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[] LT 09.12.02: Thousands Join US Cyber-Rehearsal For War,

London Times
December 9, 2002

Thousands Join US Cyber-Rehearsal For War

By Nicholas Blanford

DOHA, Qatar--A United States military exercise that could shape the tactics 
in any war against Iraq begins today at the sprawling al-Sayliyah army camp 
in the desert outside Doha, the capital of Qatar.

This, however, is no conventional military exercise.There will be no tank 
formations churning up the desert, no artillery batteries pounding the 
horizon, no helicopter gunships overhead, and no sweating soldiers in sand 

Instead the participants, "headquarters staff from US Central Command 
(Centcom)", are more likely to be found hunched over computer consoles and 
staring at video screens for the duration of the "Internal Look" exercise.

General Tommy Franks, the commander of Centcom, and about 600 of his staff 
will spend between a week and ten days in al-Sayliyah playing a 
sophisticated virtual war game that will involve several thousand US 
soldiers in command centres spanning all 25 countries within Centcom s area 
of operations, from North Africa to East Asia. They would be joined by 
about 400 British troops in Qatar and another 400 from bases in Britain, 
America and the Gulf, diplomatic sources said.

"What this exercise is going to do is test and exercise our ability to 
communicate on the modern battlefield," a senior Centcom official said. 
"This exercise is going to be a very complex computer-based and assisted 
exercise that will not involve combat forces." General Franks led some 200 
of his staff through a warm-up on Saturday.

Three previous "Internal Look" exercises have been held since 1990, but 
this is the first to be conducted outside America. The scenario is 
classified, but there are no prizes for guessing which country is likely to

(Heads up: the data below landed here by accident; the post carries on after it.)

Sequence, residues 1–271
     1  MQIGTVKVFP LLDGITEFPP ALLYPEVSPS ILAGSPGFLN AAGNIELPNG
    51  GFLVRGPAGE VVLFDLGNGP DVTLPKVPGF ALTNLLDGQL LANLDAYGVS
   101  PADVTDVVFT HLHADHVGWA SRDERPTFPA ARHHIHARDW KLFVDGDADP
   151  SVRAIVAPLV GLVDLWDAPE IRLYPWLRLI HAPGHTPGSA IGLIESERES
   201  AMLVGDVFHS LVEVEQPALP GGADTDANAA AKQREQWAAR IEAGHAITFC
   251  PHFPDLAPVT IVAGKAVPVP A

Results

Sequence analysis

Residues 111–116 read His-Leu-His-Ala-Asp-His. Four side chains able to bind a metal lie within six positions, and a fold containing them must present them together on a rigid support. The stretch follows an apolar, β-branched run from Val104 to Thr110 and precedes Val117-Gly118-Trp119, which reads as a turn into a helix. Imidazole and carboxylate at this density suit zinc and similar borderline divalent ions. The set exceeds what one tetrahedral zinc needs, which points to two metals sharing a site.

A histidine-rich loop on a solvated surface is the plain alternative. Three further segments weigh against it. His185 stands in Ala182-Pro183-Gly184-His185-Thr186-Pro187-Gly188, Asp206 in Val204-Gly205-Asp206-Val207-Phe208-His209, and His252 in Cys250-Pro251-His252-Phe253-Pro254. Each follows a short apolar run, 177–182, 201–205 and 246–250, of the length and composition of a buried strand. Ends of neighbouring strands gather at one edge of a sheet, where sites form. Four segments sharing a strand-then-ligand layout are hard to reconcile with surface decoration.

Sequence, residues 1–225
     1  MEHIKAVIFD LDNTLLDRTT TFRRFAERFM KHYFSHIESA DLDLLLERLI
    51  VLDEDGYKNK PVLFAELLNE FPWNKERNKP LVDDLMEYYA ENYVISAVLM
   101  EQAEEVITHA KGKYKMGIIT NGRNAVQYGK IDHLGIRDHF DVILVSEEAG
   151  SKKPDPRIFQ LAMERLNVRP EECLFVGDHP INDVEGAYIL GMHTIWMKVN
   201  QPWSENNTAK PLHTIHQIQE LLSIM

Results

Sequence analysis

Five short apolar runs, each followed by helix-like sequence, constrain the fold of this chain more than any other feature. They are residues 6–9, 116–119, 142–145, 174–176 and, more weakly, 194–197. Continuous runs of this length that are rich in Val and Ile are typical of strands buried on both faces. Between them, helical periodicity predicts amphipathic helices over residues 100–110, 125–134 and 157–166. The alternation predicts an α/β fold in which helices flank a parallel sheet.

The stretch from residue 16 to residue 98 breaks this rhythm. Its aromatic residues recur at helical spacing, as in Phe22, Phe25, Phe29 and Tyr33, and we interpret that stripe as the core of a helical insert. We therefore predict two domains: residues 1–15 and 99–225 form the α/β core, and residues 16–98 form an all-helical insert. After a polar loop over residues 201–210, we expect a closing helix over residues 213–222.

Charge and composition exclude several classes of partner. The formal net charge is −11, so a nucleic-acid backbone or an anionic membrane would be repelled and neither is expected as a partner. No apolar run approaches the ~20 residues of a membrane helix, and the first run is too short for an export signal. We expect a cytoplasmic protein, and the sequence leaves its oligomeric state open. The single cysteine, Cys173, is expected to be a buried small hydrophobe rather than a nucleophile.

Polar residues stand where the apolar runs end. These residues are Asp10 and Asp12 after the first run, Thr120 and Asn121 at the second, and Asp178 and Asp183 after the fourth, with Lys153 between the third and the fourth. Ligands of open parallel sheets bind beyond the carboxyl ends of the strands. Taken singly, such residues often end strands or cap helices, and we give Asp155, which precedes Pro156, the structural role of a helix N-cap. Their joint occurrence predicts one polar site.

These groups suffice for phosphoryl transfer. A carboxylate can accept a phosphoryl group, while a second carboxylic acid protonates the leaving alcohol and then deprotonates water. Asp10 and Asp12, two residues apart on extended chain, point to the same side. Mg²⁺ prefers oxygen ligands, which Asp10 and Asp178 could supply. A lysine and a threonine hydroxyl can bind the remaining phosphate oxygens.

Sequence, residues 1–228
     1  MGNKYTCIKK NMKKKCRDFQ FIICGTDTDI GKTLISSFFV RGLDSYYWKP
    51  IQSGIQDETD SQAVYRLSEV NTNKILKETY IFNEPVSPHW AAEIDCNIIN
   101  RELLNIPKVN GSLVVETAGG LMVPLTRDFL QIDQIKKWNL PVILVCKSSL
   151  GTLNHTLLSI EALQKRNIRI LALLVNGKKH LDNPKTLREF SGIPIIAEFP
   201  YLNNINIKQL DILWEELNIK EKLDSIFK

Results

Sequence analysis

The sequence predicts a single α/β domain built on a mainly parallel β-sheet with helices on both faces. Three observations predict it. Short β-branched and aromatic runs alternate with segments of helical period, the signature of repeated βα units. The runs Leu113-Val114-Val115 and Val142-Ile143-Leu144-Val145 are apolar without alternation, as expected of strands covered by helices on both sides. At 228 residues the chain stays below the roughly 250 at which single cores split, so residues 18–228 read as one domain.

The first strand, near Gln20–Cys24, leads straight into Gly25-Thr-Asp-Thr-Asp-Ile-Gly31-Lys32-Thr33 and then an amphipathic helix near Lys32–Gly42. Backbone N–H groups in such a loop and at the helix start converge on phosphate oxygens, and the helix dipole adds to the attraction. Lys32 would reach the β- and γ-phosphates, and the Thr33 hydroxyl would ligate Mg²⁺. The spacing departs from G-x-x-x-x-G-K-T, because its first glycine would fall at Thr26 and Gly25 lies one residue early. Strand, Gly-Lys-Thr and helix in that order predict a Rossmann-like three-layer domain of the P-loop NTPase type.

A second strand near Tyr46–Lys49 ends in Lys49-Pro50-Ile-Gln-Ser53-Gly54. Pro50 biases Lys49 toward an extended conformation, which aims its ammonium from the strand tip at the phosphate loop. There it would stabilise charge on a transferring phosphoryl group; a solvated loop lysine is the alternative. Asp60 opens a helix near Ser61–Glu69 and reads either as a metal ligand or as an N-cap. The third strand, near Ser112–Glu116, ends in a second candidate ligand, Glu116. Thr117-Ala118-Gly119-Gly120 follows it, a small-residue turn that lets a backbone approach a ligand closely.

be the focus.

Tensions with Iraq remain high and America has been steadily building up 
its forces in the Gulf region for months. Some 10,000 American troops are 
conducting exercises in Kuwait near the border with southern Iraq. About 
4,000 US forces are in Qatar, most of them at al-Sayliyah and at the £930 
million state-of-the-art al-Udeid airbase, five minutes further down the 
dusty highway.

The 262-acre al-Sayliyah base was constructed at a cost of more than £73 
million and is Centcom s largest pre-positioning facility outside America. 
Its 27 temperature-controlled warehouses can house equipment for an 
armoured division of 11,000 soldiers. The facility holds hundreds of tanks 
and armoured fighting vehicles, allowing US forces to cut the speed of 
deployment from four weeks "as at the time of the 1991 Gulf War" to just 
four days.

A large American flag flutters in the hot breeze beside the Qatari national 
flag providing a splash of colour amid the drab buildings. The base is 
protected by a 2.5-mile mesh fence interspersed with watch towers. The 
perimeter fence is reinforced by twin steel cables designed to stop lorries 
from breaking through. A waist-high barricade of rocks provides a secondary 
line of defence. Heavily armed American private security guards man the 
entrance to the base while other uniformed soldiers scrutinise the 
perimeter fence through binoculars.

Hidden among buildings are new portable headquarters that are being tested 
as part of the exercise. The mobile command centre was transported from 
America to Qatar last month and assembled at al-Sayliyah for "Internal 
Look". Comprising several modular units and capable of withstanding extreme 
heat and cold, the centre is designed to be flown and assembled anywhere in 
the Centcom area of operations.

Pentagon officials have indicated that some senior staff involved in the 
exercise could remain in Qatar once it ends, instead of returning to 
Centcom s headquarters in Tampa, Florida. The portable headquarters is also 
expected to stay in Qatar, heightening speculation that the tiny oil and 
gas-rich Gulf state could play a pivotal role in a possible invasion of Iraq.

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